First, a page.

Is This Miner Losing Its Luster?
Shares of molybdenum miner Thompson Creek Metals (NYS: TC) dove 15% on Tuesday, after the company reported earnings. Strangely, it actually beat earnings estimates, reporting $0.00 per share on expectations of a $0.07 EPS loss, but revenue of $116.7 million missed by $5.4 million. Net income for the quarter was $0.8 million.
The drop in stock price seemed to come from the stampede of analysts downgrading Thompson as it received lower ratings from Credit Suisse, Dahlman Rose, and Deutsche Bank. The first two said the moly miner was now a hold, while Deutsche Bank downgraded it to a sell, primarily because of increased capital expenditures to $355 million, or 25% of its market cap. Deutsche Bank issued a $7.50 price target, which Thompson currently trades under.
Still a value?
With a P/E of just 4.4 and two mines set to come on line in the next two years, Thompson looks like a value play to some, especially after Tuesday's beating. The company expects to complete the expansion of its Endako mine by the end of the first quarter of 2012, which should add production capacity of 15 million to 16 million pounds of molybdenum annually. In 2011, the namesake mine produced just 21.4 million pounds of molybdenum.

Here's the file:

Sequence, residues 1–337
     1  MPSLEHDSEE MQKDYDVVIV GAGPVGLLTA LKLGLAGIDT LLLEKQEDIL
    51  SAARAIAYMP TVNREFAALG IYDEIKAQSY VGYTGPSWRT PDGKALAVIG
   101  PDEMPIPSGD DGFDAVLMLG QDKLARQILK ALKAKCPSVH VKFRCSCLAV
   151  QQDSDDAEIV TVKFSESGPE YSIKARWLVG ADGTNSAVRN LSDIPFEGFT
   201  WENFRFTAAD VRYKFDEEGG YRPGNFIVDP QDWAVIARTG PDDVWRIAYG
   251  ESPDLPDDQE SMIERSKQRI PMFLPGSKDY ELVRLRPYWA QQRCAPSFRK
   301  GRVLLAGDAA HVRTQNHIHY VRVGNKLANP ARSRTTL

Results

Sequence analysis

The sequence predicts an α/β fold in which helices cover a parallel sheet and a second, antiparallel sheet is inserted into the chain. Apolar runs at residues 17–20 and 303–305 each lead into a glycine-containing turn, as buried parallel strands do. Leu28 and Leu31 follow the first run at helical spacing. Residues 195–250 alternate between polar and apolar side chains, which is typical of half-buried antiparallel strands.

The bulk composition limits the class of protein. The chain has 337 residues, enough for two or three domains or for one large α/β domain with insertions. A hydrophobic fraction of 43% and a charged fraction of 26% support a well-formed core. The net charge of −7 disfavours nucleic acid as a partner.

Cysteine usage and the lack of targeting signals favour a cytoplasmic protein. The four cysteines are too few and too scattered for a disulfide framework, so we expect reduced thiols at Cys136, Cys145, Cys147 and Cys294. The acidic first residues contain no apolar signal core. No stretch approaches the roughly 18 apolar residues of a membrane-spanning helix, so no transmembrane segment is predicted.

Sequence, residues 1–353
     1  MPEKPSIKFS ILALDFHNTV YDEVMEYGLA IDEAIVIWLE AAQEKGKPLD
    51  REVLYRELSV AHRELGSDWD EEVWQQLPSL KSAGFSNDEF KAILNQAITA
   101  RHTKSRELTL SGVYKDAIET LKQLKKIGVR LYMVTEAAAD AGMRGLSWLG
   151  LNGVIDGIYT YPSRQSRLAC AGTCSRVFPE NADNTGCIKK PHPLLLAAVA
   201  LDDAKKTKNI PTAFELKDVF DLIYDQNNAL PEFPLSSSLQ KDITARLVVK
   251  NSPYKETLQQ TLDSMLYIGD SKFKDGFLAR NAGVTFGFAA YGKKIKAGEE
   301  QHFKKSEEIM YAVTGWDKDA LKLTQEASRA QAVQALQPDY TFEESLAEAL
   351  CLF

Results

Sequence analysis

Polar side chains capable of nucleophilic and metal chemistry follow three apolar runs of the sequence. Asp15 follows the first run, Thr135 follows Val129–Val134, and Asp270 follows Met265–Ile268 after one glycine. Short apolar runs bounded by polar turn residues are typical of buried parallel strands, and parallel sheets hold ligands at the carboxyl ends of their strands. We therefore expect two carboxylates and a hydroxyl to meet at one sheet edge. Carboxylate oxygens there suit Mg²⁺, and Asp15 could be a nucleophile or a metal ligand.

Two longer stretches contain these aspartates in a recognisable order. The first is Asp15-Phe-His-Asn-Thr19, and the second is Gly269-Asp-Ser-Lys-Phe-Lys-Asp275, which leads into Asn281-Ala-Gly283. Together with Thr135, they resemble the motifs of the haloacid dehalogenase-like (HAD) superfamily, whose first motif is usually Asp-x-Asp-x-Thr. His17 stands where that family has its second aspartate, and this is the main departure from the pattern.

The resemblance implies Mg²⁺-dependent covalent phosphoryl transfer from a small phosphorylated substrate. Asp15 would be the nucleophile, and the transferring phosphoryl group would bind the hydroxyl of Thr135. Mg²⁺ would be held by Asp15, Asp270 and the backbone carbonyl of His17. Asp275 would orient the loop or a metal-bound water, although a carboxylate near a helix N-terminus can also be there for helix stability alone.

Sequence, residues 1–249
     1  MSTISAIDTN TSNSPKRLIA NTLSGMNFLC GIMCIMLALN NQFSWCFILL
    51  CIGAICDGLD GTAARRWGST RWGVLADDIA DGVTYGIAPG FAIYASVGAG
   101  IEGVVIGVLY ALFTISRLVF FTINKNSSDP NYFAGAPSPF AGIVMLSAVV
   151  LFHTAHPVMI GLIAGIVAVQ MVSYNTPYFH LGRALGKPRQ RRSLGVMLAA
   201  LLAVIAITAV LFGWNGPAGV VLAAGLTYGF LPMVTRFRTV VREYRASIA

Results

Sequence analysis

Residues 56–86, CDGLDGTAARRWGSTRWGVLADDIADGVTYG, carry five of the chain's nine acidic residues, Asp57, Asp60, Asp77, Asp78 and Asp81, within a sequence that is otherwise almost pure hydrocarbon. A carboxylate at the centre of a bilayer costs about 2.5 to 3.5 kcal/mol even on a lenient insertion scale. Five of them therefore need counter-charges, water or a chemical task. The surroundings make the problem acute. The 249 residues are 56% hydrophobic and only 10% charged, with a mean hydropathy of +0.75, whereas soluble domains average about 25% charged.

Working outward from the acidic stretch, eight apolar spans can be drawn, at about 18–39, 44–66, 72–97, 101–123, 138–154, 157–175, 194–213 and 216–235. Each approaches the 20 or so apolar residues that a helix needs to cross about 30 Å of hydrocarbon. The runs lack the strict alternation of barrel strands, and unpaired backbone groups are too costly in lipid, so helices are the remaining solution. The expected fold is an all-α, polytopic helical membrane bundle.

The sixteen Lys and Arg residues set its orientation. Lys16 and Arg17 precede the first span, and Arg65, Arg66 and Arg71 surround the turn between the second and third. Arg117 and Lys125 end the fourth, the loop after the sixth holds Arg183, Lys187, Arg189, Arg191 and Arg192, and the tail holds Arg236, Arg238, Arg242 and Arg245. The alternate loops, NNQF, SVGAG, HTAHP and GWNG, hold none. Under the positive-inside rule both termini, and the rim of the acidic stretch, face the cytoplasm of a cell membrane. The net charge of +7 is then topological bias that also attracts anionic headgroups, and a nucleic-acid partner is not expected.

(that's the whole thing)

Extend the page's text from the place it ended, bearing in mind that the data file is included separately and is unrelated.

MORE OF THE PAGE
But the real prize for investors is the Mt. Milligan copper and gold mine, which it acquired from Terrane Metals in 2010; it's expected to begin producing toward the end of 2013. Thompson Creek expects Mt. Milligan to produce 81 million pounds of copper and 194,000 ounces of gold per year. CEO Kevin Loughrey estimates a potential $450 million in annual profit from Mt. Milligan, as fellow Fool Christopher Barker describes here. By comparison, Freeport-McMoRan (NYS: FCX) , a $40 billion company, produced nearly 4 billion pounds of copper and 1.9 million ounces of gold in 2010.
Loughrey also sees increasing molybdenum prices in 2012 and 2013, as the economy picks up. This trend figures to help fellow miners like General Moly (NYS: GMO) , which produces molybdenum along with other metals. Thompson Creek molybdenum production should increase in the coming years, as well, to 26 million to 28 million pounds in 2012 and 30 million to 34 million in 2013 with the help of the Endako mine. While estimated capital expenditures have increased by more than $200 million for 2012, Loughrey observed that investors often punish mining stocks when they're going through a cap ex period. And Loughrey put his money where his mouth is, recently picking up shares at prices of $7.75, $7.44, and $6.36.
While Thompson Creek may present some hidden value for investors, our experts at the Fool have found an overlooked gold prospector that is the perfect for investors bullish on the precious metal. You can read all about it in a free report: "The Tiny Gold Stock Digging up Massive Profits." Get your free copy by clicking right here.
At the time this article was published Fool contributorJeremy Bowmanholds no positions in the companies above. The Motley Fool owns shares of Freeport-McMoRan Copper & Gold. Try any of our Foolish newsletter servicesfree for 30 days. We Fools may not all hold the same opinions, but we all believe thatconsidering a diverse range of insightsmakes us better investors. The Motley Fool has adisclosure policy.
Copyright © 1995 - 2012 The Motley Fool, LLC. All rights reserved. The Motley Fool has a disclosure policy.